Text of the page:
Video

Video Turkey's Ruling Party Trying to Lure Voters in Opposition Stronghold

Turkey’s AK (Justice and Development) Party is seeking a fourth successive general election victory, with the goal of securing two-thirds of the seats in Parliament to rewrite the constitution and change the country's parliamentary system into a presidential one. To achieve that, the party will need to win seats in opposition strongholds like the western city of Izmir. Dorian Jones reports.
Video

Video Millions Flock to Ethiopia Polls

Millions of Ethiopians cast their votes Sunday in the first national election since the 2012 death of longtime leader Meles Zenawi. Mr. Meles' party, the Ethiopian People's Revolutionary Democratic Front, is almost certain of victory again. VOA's Anita Powell reports from Addis Ababa.
Video

Video Scientists Testing Space Propulsion by Light

Can the sun - the heart of our solar system - power a spacecraft to the edge of our solar system? The answer may come from a just-launched small satellite designed to test the efficiency of solar sail propulsion. Once deployed, its large sail will catch the so-called solar wind and slowly reach what scientists hope to be substantial speed. VOA’s George Putic reports.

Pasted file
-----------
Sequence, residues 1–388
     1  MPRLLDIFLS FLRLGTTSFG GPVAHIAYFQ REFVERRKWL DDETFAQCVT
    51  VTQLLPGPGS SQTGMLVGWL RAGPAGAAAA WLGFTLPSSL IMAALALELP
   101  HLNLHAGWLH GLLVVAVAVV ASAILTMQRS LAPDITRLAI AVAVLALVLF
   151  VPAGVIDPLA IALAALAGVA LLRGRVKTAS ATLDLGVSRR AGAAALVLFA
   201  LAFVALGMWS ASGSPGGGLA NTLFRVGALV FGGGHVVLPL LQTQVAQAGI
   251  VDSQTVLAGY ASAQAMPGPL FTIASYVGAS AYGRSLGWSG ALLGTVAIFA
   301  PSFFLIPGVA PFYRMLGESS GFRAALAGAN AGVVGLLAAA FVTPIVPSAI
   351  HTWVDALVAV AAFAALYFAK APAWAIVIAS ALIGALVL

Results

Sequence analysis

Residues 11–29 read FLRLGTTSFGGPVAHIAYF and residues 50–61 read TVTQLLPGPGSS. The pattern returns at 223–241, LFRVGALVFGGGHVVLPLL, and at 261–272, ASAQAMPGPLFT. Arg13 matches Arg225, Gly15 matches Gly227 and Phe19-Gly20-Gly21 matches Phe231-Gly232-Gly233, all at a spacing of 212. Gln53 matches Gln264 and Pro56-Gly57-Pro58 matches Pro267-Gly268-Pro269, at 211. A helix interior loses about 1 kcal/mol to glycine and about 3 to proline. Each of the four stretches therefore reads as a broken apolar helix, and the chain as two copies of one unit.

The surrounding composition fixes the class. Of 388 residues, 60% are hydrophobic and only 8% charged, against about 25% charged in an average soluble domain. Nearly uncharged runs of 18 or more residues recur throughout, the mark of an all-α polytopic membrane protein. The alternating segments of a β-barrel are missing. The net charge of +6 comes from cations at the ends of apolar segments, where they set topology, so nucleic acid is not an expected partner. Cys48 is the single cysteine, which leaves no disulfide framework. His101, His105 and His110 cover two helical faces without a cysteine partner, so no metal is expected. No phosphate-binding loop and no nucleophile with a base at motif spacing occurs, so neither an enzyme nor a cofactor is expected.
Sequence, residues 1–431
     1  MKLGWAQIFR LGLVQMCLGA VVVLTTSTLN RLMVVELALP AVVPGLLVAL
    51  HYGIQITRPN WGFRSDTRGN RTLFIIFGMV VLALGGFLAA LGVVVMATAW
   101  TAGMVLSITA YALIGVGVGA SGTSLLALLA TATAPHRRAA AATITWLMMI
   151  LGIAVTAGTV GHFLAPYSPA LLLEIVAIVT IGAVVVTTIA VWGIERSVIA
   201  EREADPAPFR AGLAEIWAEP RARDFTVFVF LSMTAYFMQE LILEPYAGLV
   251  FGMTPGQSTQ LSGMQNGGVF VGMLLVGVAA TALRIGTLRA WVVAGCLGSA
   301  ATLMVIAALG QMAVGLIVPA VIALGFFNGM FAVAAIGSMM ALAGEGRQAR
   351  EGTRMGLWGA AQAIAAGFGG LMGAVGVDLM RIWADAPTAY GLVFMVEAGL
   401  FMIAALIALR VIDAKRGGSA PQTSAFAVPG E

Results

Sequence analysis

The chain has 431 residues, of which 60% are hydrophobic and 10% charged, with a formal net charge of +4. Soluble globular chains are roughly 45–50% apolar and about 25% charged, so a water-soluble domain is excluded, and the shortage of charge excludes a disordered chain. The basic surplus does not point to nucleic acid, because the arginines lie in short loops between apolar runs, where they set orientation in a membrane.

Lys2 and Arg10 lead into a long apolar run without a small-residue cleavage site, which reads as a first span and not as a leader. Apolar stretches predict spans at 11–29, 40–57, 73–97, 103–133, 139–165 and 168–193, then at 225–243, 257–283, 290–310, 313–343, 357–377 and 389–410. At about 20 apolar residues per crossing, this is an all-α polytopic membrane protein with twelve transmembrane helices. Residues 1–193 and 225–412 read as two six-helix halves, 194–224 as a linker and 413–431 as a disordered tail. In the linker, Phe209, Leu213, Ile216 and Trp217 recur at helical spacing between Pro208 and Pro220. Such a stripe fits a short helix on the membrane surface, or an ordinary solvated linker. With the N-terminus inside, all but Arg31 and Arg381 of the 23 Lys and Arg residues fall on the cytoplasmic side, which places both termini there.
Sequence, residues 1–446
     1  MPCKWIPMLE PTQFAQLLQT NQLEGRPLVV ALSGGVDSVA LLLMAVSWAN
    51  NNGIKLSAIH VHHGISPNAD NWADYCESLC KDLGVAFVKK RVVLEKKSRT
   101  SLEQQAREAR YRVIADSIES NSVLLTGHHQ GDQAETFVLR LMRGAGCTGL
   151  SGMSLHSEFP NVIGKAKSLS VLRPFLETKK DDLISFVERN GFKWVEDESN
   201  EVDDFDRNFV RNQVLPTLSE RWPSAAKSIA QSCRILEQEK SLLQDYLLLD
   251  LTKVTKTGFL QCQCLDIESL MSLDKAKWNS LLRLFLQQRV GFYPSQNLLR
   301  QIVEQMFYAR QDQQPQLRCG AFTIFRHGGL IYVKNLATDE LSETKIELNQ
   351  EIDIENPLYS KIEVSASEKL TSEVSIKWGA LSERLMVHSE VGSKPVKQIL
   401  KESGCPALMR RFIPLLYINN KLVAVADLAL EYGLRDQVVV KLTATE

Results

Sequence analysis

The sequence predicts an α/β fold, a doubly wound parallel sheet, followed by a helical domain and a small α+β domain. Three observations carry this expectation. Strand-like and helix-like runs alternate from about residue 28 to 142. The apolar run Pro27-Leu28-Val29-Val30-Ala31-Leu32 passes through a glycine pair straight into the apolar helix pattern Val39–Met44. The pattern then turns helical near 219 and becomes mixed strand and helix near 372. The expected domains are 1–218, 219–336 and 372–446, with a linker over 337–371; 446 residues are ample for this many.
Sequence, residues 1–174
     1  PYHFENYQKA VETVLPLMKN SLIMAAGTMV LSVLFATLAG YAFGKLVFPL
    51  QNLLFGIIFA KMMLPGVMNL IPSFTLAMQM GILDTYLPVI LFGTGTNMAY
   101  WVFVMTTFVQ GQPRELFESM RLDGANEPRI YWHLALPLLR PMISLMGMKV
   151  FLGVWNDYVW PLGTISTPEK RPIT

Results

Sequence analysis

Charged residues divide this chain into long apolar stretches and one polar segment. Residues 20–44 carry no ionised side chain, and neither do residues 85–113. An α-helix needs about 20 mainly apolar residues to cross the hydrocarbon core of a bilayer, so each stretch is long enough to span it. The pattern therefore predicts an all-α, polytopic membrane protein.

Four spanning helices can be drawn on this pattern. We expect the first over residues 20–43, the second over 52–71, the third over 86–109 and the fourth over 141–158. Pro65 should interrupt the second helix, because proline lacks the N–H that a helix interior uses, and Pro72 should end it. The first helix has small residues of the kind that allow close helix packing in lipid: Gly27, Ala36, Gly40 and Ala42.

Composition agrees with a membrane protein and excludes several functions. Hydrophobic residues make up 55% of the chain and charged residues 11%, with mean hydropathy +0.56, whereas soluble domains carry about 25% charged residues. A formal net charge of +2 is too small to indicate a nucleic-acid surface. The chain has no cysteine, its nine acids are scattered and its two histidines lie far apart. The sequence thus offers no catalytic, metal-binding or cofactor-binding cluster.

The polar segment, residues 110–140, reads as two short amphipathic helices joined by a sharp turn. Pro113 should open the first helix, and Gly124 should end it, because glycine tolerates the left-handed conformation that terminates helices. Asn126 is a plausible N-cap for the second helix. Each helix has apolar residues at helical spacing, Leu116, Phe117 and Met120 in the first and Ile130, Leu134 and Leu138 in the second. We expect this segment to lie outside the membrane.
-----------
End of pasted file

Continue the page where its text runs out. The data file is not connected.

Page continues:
Video

Video FIFA Trains Somali Referees

As stability returns to the once lawless nation of Somalia, the world football governing body, FIFA, is helping to rebuild the country’s sport sector by training referees as well as its young footballers. Abdulaziz Billow has more from Mogadishu.
Video

Video With US Child Obesity Rates on the Rise, Program Promotes Health Eating

In its fifth year, FoodCorps puts more than 180 young Americans into 500 schools across the United States, where they focus on teaching students about nutrition, engaging them with hands-on activities, and improving their access to healthy foods whether in the cafeteria or the greater community. Aru Pande has more.
Video

Video Virginia Neighborhood Draws People to Nostalgic Main Street

In the U.S., people used to grow up in small towns with a main street lined by family-owned shops and restaurants. Today, however, many main streets are worn down and empty because shoppers have been lured away by shopping malls. But in the Del Ray neighborhood of Alexandria, Virginia, main street is thriving. VOA’s Deborah Block reports it has a nostalgic feel with its small restaurants and unique stores.

VOA Blogs